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October 16, 2018 10:13 am

‘Christ at Checkpoint’ Hosting Antisemitic Speaker at Oklahoma ‘Peacemaking’ Confab

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A nun hurries by the separation wall toward the checkpoint from Jerusalem on her way to the Church of Nativity in Bethlehem on December 11, 2008. Photo: Yossi Zamir/Flash90.

JNS.org – The Committee for Accuracy in Middle East Reporting in America (CAMERA) has condemned organizers and planners of the “Christ at the Checkpoint” Conference for hosting Rev. Dr. Stephen Sizer, a well-known purveyor of anti-Zionist and antisemitic conspiracy theories.

The conference is currently taking place in Oklahoma City as part of the organization’s concerted effort to turn Middle America away from supporting Israel.

One of the key points in the Christ at the Checkpoint ‘manifesto’ is that, “for Palestinian Christians, the occupation is the core issue of the conflict.”

“Sizer’s presence at a ‘peacemaking’ conference hosted in part by the United Methodist Church Foundation in Oklahoma is a shock,” said Dexter Van Zile, senior Christian media analyst for CAMERA. “Sizer’s animus toward Israel and his disdain for Jews is well-documented. He has demonized Israel and its supporters in the US before audiences in Iran and Malaysia. He has posted antisemitic links on his social media accounts.”

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Sizer retired as a priest in the Church of England after a series of scandals prompted church officials to instruct him to remain silent about issues related to the Middle East. After retiring, he participated in a pro-Hezbollah conference that took place earlier this year in London.

“Sizer promotes a theological and political antisemitism that has made Jewish life increasingly difficult in England,” said Van Zile. “Why are Oklahoman Methodists helping to import his message to America’s heartland?”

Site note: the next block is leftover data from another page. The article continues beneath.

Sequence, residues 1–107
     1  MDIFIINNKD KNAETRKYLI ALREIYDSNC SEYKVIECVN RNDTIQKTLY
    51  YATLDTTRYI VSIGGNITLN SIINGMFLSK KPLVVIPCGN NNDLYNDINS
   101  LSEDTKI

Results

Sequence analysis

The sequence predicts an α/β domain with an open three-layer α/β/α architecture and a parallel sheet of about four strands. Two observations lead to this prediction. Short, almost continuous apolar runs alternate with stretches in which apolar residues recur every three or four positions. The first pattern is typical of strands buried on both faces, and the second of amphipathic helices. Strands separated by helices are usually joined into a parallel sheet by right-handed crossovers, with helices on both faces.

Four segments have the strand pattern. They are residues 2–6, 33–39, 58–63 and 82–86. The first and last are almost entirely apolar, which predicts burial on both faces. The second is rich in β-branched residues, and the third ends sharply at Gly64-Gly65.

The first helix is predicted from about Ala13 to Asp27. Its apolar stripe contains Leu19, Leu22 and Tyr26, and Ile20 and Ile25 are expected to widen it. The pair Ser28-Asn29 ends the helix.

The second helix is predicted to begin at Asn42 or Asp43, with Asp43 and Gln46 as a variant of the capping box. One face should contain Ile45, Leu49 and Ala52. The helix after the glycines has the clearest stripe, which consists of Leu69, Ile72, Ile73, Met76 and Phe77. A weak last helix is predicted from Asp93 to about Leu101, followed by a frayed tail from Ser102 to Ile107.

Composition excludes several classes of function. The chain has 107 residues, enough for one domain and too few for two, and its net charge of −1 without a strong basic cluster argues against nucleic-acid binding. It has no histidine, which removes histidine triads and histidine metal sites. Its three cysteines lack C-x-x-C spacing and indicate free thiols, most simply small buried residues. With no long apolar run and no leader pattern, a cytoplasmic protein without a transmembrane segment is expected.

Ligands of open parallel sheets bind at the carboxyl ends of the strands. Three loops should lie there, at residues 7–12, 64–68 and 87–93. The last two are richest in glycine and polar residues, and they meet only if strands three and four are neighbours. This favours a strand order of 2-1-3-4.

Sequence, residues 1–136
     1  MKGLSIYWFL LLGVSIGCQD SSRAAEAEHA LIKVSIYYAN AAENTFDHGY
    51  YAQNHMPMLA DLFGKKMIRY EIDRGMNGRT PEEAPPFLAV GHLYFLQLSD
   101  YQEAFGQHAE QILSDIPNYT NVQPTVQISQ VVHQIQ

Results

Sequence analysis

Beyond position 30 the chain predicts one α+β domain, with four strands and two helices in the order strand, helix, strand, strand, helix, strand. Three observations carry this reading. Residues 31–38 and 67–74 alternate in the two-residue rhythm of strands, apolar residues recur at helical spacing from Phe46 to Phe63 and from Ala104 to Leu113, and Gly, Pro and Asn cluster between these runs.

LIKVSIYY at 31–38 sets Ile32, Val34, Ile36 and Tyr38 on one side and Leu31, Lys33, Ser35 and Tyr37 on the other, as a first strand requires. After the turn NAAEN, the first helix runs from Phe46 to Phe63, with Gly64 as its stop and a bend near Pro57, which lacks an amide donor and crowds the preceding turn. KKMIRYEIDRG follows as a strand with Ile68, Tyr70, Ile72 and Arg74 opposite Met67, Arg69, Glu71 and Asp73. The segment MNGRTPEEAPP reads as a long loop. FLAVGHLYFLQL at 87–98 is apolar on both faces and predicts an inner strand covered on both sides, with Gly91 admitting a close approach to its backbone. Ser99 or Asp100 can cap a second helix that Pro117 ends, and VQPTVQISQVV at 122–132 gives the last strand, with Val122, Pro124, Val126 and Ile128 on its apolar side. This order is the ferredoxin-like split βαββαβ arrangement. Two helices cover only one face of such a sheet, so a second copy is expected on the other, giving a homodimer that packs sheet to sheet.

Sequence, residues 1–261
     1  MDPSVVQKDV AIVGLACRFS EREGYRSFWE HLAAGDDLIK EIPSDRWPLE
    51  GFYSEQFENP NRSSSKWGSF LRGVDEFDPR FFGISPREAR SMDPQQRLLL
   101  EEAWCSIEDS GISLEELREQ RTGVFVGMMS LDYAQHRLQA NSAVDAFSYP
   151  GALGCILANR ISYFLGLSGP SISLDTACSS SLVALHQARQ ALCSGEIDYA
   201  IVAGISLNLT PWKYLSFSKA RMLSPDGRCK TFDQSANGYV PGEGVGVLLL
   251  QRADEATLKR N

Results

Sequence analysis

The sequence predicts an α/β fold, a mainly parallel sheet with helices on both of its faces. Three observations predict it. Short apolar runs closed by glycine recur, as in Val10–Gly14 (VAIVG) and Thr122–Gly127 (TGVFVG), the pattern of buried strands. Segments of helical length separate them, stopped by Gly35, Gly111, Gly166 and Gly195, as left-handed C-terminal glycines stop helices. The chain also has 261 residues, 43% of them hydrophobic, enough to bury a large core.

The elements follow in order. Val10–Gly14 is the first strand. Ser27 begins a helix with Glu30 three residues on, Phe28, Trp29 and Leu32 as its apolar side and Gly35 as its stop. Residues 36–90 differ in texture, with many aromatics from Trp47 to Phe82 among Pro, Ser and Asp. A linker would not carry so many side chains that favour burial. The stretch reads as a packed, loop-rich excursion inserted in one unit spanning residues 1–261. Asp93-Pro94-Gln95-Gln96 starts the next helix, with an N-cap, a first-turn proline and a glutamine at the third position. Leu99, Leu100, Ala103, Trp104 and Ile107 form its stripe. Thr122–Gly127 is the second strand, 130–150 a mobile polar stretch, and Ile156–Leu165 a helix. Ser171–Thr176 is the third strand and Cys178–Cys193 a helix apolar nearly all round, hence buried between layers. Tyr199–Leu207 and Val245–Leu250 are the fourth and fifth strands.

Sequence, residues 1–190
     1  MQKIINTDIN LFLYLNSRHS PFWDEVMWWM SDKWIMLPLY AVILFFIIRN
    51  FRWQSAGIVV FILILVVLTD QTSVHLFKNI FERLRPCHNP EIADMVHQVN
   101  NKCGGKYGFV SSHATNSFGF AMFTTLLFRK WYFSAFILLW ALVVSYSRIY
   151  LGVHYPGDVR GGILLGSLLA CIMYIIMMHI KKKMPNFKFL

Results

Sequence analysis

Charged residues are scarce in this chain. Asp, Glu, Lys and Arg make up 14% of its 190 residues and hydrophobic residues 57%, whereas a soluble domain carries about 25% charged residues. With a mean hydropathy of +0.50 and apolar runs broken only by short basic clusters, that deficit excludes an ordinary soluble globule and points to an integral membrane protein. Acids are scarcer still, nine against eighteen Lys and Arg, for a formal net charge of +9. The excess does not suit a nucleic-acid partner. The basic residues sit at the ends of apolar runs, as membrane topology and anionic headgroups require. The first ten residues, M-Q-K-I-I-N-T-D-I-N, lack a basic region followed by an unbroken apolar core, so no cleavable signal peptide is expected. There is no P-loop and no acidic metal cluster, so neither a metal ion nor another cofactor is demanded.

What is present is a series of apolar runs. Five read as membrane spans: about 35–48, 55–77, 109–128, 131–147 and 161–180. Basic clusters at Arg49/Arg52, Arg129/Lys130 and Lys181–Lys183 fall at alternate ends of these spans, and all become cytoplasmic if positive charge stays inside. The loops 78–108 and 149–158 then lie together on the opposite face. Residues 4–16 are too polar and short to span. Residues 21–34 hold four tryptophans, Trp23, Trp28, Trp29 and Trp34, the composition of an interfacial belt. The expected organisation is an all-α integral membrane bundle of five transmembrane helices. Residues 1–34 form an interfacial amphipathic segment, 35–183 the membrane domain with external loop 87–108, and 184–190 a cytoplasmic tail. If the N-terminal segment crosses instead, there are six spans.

He also posted a link in 2015 to a 9/11 conspiracy theory article titled, “9/11 Israel did it,” and attended a 2014 conference in Iran devoted to promoting Holocaust denial. Panel discussions at the conference included “Zionist fingerprints on the 9/11 cover-up,” and “US-Israeli dual citizens working in the interest of Israel: the case for treachery.”

“Christ at the Checkpoint has long been a forum for bigots and antisemites,” said Yona Schiffmiller, director of the North America desk at NGO Monitor. “Predictably, this gathering seems poised to follow in that dubious tradition. The decision to give a platform to a 9/11 conspiracy theorist—a participant in Iranian Holocaust-denial conferences—and to those who try to engage avowed terrorist organizations in ‘non-violence training’ exemplifies the radical agenda of this gathering’s organizers.”

Despite his troubled past, Sizer is scheduled to speak on Oct. 17 at the conference organized by officials from Bethlehem Bible College in the West Bank and staffers from the United Methodist Church Foundation in Oklahoma.

“Sizer has encouraged his followers to visit explicitly antisemitic websites,” said Van Zile. “Do conference organizers truly think that he is a ‘peacemaker?’”

Local Christians affiliated with the United Methodist Church Foundation in Oklahoma, who helped organize the “Christ at the Checkpoint” Conference, should have prevailed upon Palestinian Christians from the West Bank to keep Sizer off the agenda.

“Sizer was sanctioned by his superiors in the Church of England before his retirement and his books were remaindered by his publishers because of his irresponsible posts and undeniable animus,” said Van Zile. “Prominent Methodists played a significant role in organizing and publicizing this conference. Why are they helping Sizer get a stage in the US when his own church and book publishers decided to keep him at arm’s length?

He added that “for Christian organizations to assist in the broadcasting of antisemitic conspiracy theories is profoundly irresponsible.”

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